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Jennie Sealy Demolition Debris to be Recycled - April 11

Posted Wednesday, July 11, 2012

About 90 percent of the debris from demolition of the Jennie Sealy Hospital and old Shriners building at the UTMB will be recycled, said Vaughn Construction, the construction manager on the project.

Demolition of the buildings will create about 31,000 tons of debris. The Jennie Sealy building was demolished March 3. The Shriners building is scheduled to fall by May.

Construction managers expect to recycle most of the 31,000 tons of rubble at the worksite.
The cleared site will become the home of the new $438 million Jennie Sealy Hospital scheduled for construction later this year and completion in 2016.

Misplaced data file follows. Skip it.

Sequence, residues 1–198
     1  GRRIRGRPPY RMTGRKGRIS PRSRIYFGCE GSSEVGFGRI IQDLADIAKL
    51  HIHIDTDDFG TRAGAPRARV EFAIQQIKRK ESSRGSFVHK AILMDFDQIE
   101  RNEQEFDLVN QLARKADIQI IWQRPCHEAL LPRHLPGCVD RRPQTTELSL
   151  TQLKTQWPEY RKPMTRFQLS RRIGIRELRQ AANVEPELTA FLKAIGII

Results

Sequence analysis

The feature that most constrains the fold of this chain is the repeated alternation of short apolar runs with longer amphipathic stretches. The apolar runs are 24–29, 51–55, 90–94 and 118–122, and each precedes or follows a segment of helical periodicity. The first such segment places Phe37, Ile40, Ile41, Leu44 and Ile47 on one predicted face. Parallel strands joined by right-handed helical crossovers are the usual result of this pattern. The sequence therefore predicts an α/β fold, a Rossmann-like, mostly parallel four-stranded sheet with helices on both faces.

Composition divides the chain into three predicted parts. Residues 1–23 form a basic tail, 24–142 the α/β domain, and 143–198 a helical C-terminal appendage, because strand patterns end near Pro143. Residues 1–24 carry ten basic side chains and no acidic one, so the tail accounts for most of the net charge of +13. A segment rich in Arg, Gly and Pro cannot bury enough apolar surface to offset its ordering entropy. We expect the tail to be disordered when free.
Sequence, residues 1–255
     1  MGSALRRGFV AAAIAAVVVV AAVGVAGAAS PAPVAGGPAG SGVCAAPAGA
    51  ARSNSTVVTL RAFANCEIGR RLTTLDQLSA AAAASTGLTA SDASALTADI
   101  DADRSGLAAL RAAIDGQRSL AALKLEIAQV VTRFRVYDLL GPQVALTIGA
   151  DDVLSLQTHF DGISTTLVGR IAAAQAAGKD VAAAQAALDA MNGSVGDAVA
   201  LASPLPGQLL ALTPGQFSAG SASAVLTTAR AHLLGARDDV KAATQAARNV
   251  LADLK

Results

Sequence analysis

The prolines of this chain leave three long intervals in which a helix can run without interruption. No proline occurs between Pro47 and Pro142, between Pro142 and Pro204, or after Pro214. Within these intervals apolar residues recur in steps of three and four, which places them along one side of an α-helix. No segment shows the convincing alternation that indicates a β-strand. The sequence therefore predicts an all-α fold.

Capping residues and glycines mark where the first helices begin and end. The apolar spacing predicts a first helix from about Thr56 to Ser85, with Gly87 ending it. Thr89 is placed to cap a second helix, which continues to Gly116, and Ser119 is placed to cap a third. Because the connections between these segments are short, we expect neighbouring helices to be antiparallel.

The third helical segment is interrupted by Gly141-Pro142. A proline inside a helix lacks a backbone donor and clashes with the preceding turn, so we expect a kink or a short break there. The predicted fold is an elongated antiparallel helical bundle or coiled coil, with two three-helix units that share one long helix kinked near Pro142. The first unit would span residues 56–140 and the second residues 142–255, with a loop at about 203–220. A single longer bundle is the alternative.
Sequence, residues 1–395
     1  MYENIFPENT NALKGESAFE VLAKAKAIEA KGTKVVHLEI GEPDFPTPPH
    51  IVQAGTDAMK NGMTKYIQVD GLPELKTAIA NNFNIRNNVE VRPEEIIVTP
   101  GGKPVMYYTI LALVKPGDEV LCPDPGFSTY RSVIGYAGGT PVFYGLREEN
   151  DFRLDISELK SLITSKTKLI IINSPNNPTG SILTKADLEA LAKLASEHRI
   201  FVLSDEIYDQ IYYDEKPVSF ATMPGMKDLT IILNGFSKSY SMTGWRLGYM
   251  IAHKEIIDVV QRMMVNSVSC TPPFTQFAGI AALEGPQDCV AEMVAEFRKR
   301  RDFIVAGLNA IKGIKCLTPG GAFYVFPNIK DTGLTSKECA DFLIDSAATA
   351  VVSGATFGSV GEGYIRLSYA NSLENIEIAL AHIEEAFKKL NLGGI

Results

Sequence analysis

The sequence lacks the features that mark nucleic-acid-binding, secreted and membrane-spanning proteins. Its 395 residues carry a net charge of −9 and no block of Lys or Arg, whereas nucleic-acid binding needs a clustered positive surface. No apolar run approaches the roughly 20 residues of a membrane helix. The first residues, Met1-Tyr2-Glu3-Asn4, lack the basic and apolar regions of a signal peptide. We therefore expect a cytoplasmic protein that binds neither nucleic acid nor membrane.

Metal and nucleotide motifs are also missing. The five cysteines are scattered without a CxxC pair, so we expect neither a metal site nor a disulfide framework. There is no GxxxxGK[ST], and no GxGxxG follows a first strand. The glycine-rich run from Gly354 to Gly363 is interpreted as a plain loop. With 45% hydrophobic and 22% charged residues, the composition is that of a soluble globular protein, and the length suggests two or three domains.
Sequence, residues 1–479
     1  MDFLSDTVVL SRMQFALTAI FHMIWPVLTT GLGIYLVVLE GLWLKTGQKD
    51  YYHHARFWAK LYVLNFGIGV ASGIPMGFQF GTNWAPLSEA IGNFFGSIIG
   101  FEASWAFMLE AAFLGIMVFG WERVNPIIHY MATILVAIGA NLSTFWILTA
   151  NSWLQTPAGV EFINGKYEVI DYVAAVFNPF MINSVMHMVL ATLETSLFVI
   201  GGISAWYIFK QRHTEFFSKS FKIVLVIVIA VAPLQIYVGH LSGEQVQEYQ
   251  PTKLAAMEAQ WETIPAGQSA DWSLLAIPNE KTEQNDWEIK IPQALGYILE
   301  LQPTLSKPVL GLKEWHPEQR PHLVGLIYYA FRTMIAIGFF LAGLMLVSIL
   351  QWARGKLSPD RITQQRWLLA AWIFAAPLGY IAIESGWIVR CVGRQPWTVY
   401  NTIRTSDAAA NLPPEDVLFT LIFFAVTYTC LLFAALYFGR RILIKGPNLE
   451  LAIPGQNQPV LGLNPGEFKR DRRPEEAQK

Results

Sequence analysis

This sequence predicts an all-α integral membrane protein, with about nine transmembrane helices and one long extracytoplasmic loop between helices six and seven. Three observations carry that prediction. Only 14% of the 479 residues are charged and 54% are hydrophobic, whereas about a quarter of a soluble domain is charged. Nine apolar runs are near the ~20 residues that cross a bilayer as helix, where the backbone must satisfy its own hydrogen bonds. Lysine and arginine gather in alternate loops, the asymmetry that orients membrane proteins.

Concrete rubble at the site will be crushed to make aggregate for new concrete or gravel for use in road construction and site pads, said Matt Byman, senior project manager for Vaughn Construction. The recycling is being done by Leimer Brothers Concrete Inc. in Galveston. Brick also will be recycled.
 
Recyclers at the demolition site will reclaim metals such as copper pipe and wire, tin and aluminum.
 
“Operators at the demolition site sort through the concrete and remove all metals before loading the old concrete into trucks for removal,” Byman said. Recycled metal from the old Jennie Sealy building has an estimated market value of $120,000, he said. Commercial Metals Corp. in Galveston is recycling the metals. Wood, insulation and roofing material can’t be recycled and will be sent to the Galveston landfill.
 
Here is the estimated tonnage for recyclables and waste:
Jennie Sealy:
  • Concrete – 14,920 tons
  • Metals – 1,920 tons
  • Waste – 1,100 tons
Old Shriners:
  • Concrete/brick – 10,400 tons
  • Metals – 1,240 tons
  • Waste – 1,450 tons